The IRS thought different. During a lengthy audit procedure (in which McBride admitted he should have hired legal counsel and not represented himself pro se) the IRS believed substance should trump the form and found that McBride should be taxed for earnings that the Merrill Scott assets made on his behalf.

McBride paid taxes on all the money he took and received from Merrill Scott. What he did not pay taxes on and did not report the income he thought he was deferring and the IRS sent him a bill for the outstanding balance.


2. McBride was never charged nor convicted of any crime

Even I was confused by the court’s opinion. I originally thought, that like in Williams, there was a plea to tax evasion. McBride tells me that no — there was never a threat to a tax evasion charge. He actually was trying to help the IRS to try to prosecute Merrill Scott as if they never sold him on this this fraudulent tax avoidance scheme, he would have never lost half a million dollars and been involved in this nightmare for the last 10 years. McBride tells me that rather, many of the quotes the court uses to paint him as a criminal are from when McBride was under tax audit. He admits that was outraged the IRS was going after him — not Merrill Scott. He admits he should not have taken his his anger out on the IRS auditor. He admits letting his anger get the best of him and he made regrettable claims to the IRS that were later used against him.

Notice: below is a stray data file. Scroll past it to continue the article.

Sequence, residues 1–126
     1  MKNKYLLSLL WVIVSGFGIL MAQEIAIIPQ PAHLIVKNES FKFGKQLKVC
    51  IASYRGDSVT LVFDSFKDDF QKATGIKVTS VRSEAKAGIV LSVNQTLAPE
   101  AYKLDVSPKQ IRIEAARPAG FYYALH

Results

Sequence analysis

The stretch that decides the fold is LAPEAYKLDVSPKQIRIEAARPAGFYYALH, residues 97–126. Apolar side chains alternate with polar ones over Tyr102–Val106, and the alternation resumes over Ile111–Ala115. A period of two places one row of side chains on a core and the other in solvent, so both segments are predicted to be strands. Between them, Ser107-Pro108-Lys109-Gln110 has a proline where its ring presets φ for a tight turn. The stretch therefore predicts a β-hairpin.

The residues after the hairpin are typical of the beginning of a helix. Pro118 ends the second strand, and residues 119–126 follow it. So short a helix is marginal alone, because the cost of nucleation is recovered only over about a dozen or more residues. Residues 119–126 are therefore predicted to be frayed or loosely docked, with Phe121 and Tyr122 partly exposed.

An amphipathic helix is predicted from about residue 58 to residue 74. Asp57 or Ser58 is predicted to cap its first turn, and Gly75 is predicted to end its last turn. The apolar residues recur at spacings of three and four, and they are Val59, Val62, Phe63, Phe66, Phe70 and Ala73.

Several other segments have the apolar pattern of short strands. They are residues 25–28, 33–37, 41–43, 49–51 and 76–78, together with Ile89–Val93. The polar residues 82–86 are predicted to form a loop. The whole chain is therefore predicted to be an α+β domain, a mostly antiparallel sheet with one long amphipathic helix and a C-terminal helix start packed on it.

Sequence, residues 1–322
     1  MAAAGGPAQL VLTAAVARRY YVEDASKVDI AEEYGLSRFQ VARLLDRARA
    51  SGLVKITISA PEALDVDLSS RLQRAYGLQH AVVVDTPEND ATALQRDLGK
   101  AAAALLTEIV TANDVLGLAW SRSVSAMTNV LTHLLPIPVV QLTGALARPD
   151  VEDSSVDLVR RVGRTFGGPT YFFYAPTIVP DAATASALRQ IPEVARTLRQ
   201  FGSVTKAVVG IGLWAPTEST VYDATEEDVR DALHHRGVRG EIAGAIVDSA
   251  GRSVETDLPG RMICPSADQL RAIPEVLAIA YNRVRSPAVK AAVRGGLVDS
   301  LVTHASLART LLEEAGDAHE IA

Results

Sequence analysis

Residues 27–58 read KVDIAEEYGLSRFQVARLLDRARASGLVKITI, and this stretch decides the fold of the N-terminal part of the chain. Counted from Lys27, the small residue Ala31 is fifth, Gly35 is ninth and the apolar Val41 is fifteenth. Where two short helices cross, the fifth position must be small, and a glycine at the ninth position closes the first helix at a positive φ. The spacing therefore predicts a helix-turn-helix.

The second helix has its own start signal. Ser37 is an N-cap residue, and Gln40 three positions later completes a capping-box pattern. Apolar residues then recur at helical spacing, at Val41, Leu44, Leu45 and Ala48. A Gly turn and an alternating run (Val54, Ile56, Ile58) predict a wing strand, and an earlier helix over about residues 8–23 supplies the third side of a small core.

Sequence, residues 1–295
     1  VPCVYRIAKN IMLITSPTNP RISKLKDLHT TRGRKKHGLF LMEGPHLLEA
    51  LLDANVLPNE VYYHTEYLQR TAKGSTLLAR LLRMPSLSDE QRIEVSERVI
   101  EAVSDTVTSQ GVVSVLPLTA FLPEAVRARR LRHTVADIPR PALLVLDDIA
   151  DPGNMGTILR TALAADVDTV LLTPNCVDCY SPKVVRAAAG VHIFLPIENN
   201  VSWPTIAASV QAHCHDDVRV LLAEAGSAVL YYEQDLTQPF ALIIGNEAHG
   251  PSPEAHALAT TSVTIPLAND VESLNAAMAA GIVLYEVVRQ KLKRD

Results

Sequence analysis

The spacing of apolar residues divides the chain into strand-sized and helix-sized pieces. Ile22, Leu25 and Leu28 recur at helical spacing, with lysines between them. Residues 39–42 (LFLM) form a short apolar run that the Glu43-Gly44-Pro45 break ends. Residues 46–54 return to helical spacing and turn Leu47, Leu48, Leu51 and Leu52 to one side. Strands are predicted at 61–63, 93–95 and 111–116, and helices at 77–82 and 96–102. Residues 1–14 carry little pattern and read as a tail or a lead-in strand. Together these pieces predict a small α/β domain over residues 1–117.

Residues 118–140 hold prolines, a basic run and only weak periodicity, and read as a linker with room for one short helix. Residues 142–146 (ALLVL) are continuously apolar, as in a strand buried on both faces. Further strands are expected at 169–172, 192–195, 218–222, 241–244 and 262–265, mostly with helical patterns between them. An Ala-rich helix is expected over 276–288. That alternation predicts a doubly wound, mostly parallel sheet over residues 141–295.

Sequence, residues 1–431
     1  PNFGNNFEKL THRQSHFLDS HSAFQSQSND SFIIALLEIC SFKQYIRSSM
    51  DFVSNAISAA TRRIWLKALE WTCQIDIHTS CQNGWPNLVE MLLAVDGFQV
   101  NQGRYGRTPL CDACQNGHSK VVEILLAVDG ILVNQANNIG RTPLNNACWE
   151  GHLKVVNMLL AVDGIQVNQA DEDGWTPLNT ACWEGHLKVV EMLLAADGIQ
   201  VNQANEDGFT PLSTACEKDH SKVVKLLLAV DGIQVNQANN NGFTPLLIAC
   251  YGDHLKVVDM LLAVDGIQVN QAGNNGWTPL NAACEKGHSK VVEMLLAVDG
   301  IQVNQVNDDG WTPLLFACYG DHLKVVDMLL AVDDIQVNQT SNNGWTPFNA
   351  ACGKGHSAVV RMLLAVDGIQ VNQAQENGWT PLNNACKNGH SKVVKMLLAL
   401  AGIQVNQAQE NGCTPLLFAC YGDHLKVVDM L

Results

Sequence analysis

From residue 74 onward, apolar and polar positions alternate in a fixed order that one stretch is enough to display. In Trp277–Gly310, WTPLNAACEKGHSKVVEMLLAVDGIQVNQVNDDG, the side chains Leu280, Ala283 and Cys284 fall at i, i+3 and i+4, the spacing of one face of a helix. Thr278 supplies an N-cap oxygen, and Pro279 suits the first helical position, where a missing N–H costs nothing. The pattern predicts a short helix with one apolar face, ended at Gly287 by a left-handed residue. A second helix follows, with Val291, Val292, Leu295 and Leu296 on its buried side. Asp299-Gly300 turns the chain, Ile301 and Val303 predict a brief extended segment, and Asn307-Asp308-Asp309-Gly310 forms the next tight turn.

3. McBride did not have signatory authority on any accounts